May 2007


A 96-page book of guidelines and reference for video game journalists. Written with co-authors David Thomas and Scott Steinberg.


Used Video Games Keep Some Retailers Afloat
by Kyle Kennedy

Kyle Orland, a Maryland-based freelance gaming journalist, said the secondhand games industry may become even more crowded while publishers find ways to supplement the existing model with their own. He pointed to services like Microsoft’s Xbox Live Arcade and the Nintendo Wii’s Virtual Console, which already offer discounted classic games via direct download.

But Orland also suggests that the new and used sides of the industry may be necessary to ensure each other’s success.

"I know a lot of people complain that it’s significantly eating into new game sales. You hear it most from publishers, and sometimes you hear it from developers that their game would have sold better but people waited to buy it used," said Orland, co-author of "The Videogame Style Guide and Reference Manual." "But the fact that you can buy a new game, beat it, and sell it back for $20, I think that adds value to the new game sales, and it’s not taken into account more often."

(full article)


Media Coverage looks at a recent issue of the country’s longest continuously-running Nintendo advertisement.

(full article)


It’s a point that comes up a lot in arguments about the cultural import of video games. "The medium is still young," defenders argue. "Games may not have reached total mainstream acceptance yet, but just give it some more time. You’ll see."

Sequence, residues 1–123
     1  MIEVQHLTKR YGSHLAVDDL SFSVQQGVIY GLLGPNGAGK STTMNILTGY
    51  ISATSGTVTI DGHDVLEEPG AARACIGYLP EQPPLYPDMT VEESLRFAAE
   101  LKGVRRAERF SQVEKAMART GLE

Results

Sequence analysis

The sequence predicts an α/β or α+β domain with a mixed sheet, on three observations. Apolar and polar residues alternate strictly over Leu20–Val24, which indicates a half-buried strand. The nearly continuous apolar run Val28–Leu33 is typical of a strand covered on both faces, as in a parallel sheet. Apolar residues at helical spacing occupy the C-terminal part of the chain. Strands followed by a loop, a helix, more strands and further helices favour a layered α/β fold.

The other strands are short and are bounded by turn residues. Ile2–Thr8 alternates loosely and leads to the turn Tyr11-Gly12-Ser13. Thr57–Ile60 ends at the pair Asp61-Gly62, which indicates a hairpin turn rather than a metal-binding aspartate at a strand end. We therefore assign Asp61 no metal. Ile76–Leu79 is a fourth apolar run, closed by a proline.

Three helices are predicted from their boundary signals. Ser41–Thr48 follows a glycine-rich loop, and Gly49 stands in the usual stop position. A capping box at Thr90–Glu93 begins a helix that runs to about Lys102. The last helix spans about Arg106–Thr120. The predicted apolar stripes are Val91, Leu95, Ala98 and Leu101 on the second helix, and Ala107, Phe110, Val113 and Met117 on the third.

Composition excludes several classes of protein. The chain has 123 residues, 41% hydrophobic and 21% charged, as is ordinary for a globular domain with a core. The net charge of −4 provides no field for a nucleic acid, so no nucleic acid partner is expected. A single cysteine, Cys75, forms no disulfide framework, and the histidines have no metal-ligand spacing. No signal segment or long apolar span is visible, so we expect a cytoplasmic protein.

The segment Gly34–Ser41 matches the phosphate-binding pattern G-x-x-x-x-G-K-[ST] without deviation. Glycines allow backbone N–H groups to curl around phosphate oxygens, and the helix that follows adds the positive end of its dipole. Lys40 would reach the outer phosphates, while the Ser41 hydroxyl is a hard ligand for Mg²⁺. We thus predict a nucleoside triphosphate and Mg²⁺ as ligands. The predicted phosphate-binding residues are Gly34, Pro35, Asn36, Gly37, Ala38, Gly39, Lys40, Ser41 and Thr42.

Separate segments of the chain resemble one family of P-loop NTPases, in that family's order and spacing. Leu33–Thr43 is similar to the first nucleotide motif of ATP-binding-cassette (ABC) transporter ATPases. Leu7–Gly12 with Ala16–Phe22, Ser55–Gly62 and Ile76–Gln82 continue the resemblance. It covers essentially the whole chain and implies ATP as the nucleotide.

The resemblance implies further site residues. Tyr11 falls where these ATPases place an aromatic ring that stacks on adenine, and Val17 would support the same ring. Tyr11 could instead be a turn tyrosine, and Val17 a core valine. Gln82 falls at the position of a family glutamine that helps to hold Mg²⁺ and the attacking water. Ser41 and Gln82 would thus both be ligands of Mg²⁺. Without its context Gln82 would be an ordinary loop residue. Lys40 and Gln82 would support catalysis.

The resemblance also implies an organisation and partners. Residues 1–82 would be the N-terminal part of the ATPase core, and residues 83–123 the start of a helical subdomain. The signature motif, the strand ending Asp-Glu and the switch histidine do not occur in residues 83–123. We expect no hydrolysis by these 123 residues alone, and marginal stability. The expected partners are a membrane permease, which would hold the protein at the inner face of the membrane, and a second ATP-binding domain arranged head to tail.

We hate to break it to you guys, but video games aren’t that young anymore. This month marks 40 years since Ralph Baer’s Brown Box effectively created the idea of interactive screen-based games (and the industry is even older if you count Willy Higinbotham’s 1958 experiment Tennis for Two).

This important milestone got us wondering: how do the first 40 years of gaming compare to the first 40 years of other forms of mass entertainment? Continue reading for a quick historical comparison:

(full article)


Media Coverage takes a look at a quintet of stories that show tough times ahead for the game magazine market.

(full article) 


 

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The whole point of backward compatibility for most PS3 owners is being able to get rid of that PS2 in the old entertainment center. Yet many PS3 owners have had to keep their PS2 units hooked up for a few reasons, namely:

  1. Support for our old memory card saves.
  2. Support for rumbling controllers.
  3. Support for the Guitar Hero controller.

(full article)


Media Coverage looks at the surprisingly common phenomenon of journalists going to work for the game industry.

(full article)


Media Coverage looks at the "nichest" of the niche American game magazines – the proudly independent Play.

(full article)